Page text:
My most recent habit has been trying to build a cooler/faster RGB scrolling board with a Spartan-6 FPGA using the Nexys-3 development board from Digilent.  The board itself is pretty solid and works just fine with the basic VHDL and Verilog tools from Xilinx.  This is good for creating the “hardware” inside the FPGA. The trick comes when you want to write some ordinary sequential software, say in C, to make it do something. You can put a tiny CPU into the FPGA like Picoblaze, but the program size will be very limited and you’ll have to write the whole thing in assembly, or you can use the Xilinx embedded development kit to create a more powerful CPU that is capable of running C apps and has a real debugger.

The trick is that there isn’t enough built in memory in the chip to run programs of any significant size. Then you need to use external memory. Now, this shouldn’t be a problem because the board has 16MB of “pseudo-static RAM” plus a couple of 16MB flash chips. You link the program such that the code lives in flash, and uses the RAM as memory space for data, and then you use a small bootloader in the FPGA to jump to the code in flash. Well, this is where it all turns sour. Digilent provides packaged files for the board that are supposed to allow you to use both the flash and the RAM, which share control,data, and address lines, but so far I am only able to access the RAM successfully. Reading from the flash (preprogrammed with some data using Digilent’s own tool) returns complete garbage within the EDK C environment. The prepackaged stuff is supposed to handle the multiplexing between the chips for you, which is not a very straightforward task in this environment.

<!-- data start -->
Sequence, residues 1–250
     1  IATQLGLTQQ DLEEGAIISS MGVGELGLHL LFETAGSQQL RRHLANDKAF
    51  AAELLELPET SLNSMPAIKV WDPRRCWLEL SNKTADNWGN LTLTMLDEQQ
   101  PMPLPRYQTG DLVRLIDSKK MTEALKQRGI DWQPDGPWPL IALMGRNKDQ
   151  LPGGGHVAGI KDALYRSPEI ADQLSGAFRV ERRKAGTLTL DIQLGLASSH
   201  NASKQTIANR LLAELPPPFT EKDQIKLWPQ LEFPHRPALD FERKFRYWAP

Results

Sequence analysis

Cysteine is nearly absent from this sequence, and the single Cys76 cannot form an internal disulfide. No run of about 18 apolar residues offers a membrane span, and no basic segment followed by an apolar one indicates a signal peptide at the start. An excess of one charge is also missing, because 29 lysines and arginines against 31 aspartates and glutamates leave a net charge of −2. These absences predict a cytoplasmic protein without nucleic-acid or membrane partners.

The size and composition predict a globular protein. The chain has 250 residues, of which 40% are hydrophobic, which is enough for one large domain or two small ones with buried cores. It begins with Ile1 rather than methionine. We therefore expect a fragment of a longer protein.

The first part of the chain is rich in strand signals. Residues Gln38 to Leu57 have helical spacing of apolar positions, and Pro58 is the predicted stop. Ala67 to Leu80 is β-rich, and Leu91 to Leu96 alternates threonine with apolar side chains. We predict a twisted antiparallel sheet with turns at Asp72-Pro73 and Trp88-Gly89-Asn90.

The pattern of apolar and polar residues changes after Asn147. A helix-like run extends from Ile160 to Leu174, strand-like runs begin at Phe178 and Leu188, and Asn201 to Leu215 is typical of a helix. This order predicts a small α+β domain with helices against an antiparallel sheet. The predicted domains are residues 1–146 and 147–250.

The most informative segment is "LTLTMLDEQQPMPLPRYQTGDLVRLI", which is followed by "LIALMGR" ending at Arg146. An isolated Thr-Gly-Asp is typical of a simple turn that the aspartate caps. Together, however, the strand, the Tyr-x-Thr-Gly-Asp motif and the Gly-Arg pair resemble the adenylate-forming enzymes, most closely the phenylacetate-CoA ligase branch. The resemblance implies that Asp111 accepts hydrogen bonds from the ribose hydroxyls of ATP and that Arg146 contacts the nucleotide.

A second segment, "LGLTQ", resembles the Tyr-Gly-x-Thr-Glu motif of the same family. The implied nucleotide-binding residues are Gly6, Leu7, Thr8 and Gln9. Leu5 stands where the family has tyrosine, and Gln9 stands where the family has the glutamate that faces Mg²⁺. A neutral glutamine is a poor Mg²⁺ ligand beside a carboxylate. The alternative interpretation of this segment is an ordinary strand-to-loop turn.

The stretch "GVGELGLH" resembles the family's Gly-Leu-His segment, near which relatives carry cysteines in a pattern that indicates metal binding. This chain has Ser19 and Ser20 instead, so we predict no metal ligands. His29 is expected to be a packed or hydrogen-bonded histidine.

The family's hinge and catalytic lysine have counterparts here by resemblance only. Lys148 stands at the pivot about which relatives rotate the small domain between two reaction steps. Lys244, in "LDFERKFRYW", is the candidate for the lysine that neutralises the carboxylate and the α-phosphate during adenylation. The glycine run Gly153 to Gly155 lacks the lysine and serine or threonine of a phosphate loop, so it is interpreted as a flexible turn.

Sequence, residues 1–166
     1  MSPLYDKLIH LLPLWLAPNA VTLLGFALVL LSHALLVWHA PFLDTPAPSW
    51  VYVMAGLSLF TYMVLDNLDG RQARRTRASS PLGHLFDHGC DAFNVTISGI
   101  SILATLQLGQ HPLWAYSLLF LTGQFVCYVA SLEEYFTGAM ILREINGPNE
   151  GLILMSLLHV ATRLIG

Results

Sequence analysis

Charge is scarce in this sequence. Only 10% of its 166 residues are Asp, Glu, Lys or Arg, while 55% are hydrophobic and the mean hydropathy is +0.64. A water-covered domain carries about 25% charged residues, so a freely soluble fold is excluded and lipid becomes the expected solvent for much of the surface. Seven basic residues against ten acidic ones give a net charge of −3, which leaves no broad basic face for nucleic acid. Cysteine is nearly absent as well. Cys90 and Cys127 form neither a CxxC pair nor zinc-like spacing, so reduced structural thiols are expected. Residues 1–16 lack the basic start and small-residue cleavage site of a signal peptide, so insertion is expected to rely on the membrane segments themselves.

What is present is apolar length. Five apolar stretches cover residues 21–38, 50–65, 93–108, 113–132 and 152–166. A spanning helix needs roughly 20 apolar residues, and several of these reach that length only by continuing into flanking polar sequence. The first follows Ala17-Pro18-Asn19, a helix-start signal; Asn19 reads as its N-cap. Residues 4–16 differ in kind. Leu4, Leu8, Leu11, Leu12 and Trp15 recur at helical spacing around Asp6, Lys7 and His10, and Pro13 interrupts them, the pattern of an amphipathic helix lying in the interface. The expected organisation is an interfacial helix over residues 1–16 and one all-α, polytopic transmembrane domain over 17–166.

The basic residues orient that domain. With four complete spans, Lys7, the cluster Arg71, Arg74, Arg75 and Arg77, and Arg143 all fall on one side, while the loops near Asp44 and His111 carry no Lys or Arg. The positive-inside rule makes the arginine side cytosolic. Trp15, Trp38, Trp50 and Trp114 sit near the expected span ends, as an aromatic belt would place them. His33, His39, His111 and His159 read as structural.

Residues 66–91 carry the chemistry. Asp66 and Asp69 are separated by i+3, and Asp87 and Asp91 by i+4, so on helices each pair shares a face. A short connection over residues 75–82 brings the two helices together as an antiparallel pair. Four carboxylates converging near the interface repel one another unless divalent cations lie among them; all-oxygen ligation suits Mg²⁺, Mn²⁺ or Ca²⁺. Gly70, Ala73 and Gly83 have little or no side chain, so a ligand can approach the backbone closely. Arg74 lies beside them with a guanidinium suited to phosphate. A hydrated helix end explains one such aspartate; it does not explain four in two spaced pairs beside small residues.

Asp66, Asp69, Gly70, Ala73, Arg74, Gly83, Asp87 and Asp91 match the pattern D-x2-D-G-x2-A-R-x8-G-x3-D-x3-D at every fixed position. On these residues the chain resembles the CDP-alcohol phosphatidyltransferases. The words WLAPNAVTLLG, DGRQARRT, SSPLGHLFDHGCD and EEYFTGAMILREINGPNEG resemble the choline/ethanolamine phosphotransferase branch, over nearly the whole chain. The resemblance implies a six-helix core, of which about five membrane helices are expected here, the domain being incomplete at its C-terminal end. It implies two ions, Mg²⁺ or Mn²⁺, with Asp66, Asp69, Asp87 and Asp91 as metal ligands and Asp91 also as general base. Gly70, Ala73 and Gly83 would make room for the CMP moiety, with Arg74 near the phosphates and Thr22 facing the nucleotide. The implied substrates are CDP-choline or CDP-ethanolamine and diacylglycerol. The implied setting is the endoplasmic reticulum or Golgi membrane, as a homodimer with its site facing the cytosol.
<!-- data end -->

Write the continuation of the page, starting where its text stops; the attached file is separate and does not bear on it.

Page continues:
Mail to Digilent tech support has so far resulted in radio silence, as has requests for help to other users in the Xilinx forums.  At this point I’m wondering whether anyone has used a Nexys-3 for anything other than college classes to blink an LED.  Sigh.